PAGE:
Amadis of Gaul, Volume 2
N. Biggs, 1803
On December 26, 2004, a massive tsunami triggered by an underwater earthquake pummeled the coasts of Thailand, Indonesia, Sri Lanka, and other countries along the Indian Ocean. With casualties as far away as Africa, the aftermath was overwhelming: ships could be spotted miles inland; cars floated in the ocean; legions of the unidentified dead -- an estimated 225,000 -- were buried in mass graves; relief organizations struggled to reach rural areas and provide adequate aid for survivors.
Shortly after this disaster, researchers from around the world traveled to the region's most devastated areas, observing and documenting the tsunami's impact. The Indian Ocean Tsunami: The Global Response to a Natural Disaster offers the first analysis of the response and recovery effort. Editors Pradyumna P. Karan and S. Subbiah, employing an interdisciplinary approach, have assembled an international team of top geographers, geologists, anthropologists, and political scientists to study the environmental, economic, and political effects of the 2004 Indian Ocean tsunami.
The volume includes chapters that address the tsunami's geo-environmental impact on coastal ecosystems and groundwater systems. Other chapters offer sociocultural perspectives on religious power relations in South India and suggest ways to improve government agencies' response systems for natural disasters.
A clear and definitive analysis of the second deadliest natural disaster on record, The Indian Ocean Tsunami will be of interest to environmentalists and political scientists alike, as well as to planners and administrators of disaster-preparedness programs.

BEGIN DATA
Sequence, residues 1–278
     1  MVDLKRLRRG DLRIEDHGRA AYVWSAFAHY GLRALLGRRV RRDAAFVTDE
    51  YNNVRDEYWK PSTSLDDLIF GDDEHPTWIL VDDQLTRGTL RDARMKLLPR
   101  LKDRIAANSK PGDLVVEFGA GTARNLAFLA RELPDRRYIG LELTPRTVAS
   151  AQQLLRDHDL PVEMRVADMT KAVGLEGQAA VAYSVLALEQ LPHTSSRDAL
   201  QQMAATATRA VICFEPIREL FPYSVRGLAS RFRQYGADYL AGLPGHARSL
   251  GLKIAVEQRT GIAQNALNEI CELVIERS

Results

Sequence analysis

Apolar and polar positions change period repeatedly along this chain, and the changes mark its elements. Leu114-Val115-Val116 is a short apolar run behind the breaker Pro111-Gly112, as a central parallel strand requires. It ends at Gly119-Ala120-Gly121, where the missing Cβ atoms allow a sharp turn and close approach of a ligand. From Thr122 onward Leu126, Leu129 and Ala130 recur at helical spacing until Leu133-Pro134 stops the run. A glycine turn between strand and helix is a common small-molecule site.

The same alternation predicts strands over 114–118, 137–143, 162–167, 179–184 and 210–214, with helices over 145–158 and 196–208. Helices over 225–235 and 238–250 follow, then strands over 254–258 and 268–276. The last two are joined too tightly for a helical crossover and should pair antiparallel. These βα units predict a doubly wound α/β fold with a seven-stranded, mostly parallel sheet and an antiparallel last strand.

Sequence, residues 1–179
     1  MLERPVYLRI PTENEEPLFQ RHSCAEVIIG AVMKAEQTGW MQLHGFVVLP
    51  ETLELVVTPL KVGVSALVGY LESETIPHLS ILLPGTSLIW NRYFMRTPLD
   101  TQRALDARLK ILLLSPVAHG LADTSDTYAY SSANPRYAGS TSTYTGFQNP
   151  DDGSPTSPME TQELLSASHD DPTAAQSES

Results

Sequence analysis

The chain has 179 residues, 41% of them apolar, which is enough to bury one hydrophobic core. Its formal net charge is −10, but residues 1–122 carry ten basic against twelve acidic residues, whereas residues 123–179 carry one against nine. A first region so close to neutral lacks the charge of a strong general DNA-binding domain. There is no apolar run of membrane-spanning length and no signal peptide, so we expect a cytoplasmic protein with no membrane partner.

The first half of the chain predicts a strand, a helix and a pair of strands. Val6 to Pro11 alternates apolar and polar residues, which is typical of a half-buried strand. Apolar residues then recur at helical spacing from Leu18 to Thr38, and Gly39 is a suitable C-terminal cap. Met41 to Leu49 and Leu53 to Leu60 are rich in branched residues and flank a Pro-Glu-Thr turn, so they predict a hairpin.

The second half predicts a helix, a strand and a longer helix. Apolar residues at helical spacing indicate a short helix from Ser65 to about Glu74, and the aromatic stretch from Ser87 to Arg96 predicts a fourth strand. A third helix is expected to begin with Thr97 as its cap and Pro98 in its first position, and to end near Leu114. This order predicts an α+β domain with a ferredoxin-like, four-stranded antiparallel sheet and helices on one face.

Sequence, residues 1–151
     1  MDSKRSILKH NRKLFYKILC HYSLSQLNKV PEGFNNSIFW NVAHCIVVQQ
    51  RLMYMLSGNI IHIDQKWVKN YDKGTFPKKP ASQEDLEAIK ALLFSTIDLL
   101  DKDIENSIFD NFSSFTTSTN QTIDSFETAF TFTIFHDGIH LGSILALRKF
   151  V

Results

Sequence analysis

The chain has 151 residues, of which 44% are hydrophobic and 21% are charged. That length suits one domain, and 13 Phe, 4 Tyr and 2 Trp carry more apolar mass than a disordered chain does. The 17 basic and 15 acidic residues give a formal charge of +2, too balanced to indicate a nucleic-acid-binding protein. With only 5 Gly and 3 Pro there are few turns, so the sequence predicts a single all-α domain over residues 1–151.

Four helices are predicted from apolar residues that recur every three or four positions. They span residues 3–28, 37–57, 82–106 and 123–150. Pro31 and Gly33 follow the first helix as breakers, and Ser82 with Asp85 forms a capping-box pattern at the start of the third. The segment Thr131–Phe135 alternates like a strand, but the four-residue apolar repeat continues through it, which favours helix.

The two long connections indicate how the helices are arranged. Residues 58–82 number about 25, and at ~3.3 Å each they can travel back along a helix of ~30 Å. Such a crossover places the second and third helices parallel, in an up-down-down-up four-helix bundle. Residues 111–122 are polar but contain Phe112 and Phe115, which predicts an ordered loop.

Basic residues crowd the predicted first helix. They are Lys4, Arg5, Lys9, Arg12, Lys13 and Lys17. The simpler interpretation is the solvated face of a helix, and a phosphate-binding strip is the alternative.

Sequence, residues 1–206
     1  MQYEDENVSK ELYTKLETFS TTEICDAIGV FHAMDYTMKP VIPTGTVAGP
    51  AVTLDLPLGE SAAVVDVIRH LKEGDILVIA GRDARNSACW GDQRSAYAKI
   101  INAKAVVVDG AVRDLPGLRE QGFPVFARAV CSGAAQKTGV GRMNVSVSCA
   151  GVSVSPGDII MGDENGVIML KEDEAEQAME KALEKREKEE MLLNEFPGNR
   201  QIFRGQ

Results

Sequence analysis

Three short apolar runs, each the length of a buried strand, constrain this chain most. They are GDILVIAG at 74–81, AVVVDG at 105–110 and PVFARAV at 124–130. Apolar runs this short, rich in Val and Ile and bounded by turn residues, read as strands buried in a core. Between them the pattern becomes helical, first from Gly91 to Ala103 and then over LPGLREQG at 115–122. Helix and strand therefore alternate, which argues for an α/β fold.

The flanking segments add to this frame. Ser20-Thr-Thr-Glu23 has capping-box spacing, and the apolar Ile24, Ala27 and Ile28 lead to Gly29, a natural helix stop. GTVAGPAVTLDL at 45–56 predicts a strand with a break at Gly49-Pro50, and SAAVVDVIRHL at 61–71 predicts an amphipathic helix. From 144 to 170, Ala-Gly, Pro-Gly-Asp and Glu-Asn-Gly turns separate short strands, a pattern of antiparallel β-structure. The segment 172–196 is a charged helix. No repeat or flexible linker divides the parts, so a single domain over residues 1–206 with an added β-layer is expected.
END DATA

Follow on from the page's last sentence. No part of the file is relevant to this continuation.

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By this the morning broke, and he removed farther across a valley to a hill that
was well wooded, for he feared that if those of the castle saw him they would
suspect there were others at hand, and therefore not come out. Presently the gate
He took his aim at Arcalaus, and bore him right over the crupper ; then turned his
horse and smote at Grumen, so that the point and part of the stave of the spear
came out at his back, and he fell down dead, and the spear broke in him. Then he
Galaor forced it from him, and striking at another with it, nailed his leg to the horse
, and left the broken lance in them ; then putting hand to sword, the others all
came at him, and he defended himself so bravely that every one wondered how
He forced his way to Barsinan and encountered him ; drove his lance through
shield and corselet, and left the broken spear in him half way of its iron; then drew
he his sword, and smote off the crest and top of his helmet, and the scalp of his ...
Twelve days together did King Lisuarte continue his court, and, when it broke up,
though many Knights departed to their own lands, it was a wonder how many
remained, and in like manner many Dames and Damsels continued to abide with